For some color, texture, height and drama looking at adding some summer blooming flowers to your garden. Some can go in the ground, others need to be lifted and stored depending on location and others keeping them in pots or containers is a great way to “keep them.”
Check out these summer flowers to add some pizazz to your summer garden. Simple pleasures such as a flowering summer garden bring unrivalled joy. Imagine smelling the flowery fragrance on a sunny summer day while sipping on lemonade. Planting summer blooming bulbs or corms during spring will guarantee a beautiful garden during the summer.
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Most people know the Hippeastrum by its genus name, amaryllis. These flowering bulbs are sold during the winter and fall nearing the holiday season where they’re often tossed after they bloom. They are best planted during the winter so that they can bloom from early to late summer.
Fertilize and prepare them during this time so that you can transplant them outdoors in the spring.
You can opt to plant them directly in the ground if you want them to fatten up or plant them in large pots. Apply fertilizer just like the other plants in your garden. As the autumn approaches, cut off the essentials (water and fertilizer) to allow the bulbs to go dormant so it can prepare to bloom indoors during the winter.
image: via flickr
These are some of the easiest lilies to grow, and they blossom in the early-midsummer in a wide range of colors on hardy plants. Their star-shaped flowers are amazing in the garden, and they can grow in the vase; therefore, you can grow them indoors during the winter.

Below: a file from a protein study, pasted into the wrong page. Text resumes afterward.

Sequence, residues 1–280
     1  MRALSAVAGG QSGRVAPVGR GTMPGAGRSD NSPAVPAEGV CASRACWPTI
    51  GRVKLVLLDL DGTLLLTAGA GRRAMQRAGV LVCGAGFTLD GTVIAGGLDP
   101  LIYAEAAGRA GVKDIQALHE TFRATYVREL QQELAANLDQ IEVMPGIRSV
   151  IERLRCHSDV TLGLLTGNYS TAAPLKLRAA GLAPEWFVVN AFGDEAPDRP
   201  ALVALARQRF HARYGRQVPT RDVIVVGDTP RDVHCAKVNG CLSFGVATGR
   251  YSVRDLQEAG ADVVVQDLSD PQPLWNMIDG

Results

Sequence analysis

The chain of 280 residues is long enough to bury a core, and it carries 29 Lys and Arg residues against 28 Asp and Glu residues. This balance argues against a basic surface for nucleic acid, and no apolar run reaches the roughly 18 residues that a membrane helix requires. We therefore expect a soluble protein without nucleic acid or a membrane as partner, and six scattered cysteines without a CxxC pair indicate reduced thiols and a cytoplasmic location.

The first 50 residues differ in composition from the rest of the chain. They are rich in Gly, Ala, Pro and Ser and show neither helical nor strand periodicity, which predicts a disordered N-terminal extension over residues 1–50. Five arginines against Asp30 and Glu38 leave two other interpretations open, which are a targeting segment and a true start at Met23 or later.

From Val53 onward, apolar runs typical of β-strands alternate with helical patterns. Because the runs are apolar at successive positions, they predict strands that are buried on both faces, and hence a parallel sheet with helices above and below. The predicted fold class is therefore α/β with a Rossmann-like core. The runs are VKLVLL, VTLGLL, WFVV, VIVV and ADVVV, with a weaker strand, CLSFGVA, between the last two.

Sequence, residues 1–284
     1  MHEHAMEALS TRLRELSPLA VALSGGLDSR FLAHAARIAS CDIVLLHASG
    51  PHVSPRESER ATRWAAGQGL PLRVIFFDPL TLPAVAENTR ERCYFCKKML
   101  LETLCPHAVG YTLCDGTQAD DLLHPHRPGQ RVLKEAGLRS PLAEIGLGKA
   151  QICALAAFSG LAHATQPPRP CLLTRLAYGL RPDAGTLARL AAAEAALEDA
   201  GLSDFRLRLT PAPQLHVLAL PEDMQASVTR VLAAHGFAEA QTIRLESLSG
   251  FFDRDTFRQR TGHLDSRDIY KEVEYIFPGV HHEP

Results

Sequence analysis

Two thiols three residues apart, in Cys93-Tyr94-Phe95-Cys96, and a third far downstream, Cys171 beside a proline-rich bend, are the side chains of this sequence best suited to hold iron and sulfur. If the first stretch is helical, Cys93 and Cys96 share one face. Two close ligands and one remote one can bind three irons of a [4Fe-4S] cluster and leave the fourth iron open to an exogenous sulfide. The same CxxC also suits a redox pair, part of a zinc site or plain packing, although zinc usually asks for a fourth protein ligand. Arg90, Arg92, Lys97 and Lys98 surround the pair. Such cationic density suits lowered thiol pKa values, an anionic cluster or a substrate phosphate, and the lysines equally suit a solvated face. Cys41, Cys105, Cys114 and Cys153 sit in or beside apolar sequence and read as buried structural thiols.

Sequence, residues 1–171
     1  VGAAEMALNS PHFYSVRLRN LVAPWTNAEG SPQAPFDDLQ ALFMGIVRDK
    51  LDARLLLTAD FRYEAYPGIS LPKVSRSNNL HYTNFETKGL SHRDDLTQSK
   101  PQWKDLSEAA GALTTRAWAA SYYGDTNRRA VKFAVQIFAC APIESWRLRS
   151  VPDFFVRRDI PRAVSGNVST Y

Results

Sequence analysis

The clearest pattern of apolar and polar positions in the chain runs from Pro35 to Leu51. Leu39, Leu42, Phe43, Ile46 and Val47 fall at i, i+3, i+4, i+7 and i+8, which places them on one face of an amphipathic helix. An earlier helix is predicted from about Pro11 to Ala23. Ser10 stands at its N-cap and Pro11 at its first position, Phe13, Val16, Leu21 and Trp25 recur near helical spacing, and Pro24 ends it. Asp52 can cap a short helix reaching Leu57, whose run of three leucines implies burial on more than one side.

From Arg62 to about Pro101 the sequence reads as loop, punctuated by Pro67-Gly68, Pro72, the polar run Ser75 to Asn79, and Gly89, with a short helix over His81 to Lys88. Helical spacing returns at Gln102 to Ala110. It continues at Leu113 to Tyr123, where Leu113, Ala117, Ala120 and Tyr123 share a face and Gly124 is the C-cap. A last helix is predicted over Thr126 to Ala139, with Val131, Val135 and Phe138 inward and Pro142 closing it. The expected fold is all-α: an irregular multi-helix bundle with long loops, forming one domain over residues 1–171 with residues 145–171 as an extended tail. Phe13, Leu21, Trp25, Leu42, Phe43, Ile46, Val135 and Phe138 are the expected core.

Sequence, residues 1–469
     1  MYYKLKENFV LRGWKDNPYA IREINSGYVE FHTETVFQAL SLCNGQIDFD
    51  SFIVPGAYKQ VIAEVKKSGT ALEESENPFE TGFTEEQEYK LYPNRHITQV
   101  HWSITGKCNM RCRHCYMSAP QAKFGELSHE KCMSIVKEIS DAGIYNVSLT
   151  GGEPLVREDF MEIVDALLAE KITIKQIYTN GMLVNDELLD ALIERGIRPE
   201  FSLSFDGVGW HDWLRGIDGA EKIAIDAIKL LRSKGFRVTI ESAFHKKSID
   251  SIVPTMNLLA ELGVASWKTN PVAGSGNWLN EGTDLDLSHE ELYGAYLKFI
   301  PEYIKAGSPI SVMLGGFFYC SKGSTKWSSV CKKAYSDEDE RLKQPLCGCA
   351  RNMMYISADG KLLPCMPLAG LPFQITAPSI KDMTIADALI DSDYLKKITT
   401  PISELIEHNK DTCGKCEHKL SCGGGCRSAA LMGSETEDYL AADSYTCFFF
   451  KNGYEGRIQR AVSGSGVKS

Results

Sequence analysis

Most Asiatic Lilies grow to a height of 2-3 feet. They thrive well in moist but well-drained soil and full sun. They, alongside the Oriental lilies, are the most common in the northern hemisphere. There are plenty of varieties of Asiatic Lilies that you can choose from with the least expensive ones being single colored and last for many years in the garden.
Check out more on growing and caring for asiatic lilies.
Image: via flickr
The lily family is a big one, and another variety that cannot be overlooked when it comes to the early summer blooming bulbs is the Oriental lilies. They are the most dramatic lilies and bear large, star-shaped flowers in the shades of yellow, crimson, white, and pink.
Their spicy scent is detectable from afar and thus, will introduce a new fragrance in your garden.
The traditional varieties can grow to a height of more than 6 feet; the dwarfs varieties can grow to a height of 1 foot.
They thrive well in moist soil with good drainage and under full sunlight. Support them so they can stand tall and straight. They are hardy in zones 5-9.
Image: via flickr
Gloriosa lily is an ideal plant for growing potted on a deck. It’s one of the few climbing bulbs in this list.
It produces striking summer flowers in the shades of yellow and red. The flowers are garden showstoppers as they reminiscent meteors.
They can climb to a height of about 6 feet tall depending on the growing conditions and blossoms in the summer.
Gloriosa lilies do well in moist but well-drained soil and full sun. They thrive well in cooler areas.
During the winter, dig and store them in a frost-free place as they wait to be planted during the spring.
Also known as the shamrock, Oxalis bears clover shaped leaves, most of which have shades of purple, white, and delicate pink.
The Oxalis regnelii can grow to a height of 10 inches depending on the growing conditions. They are easy to grow and do well in moist but well-drained soil and full sun or partial shade.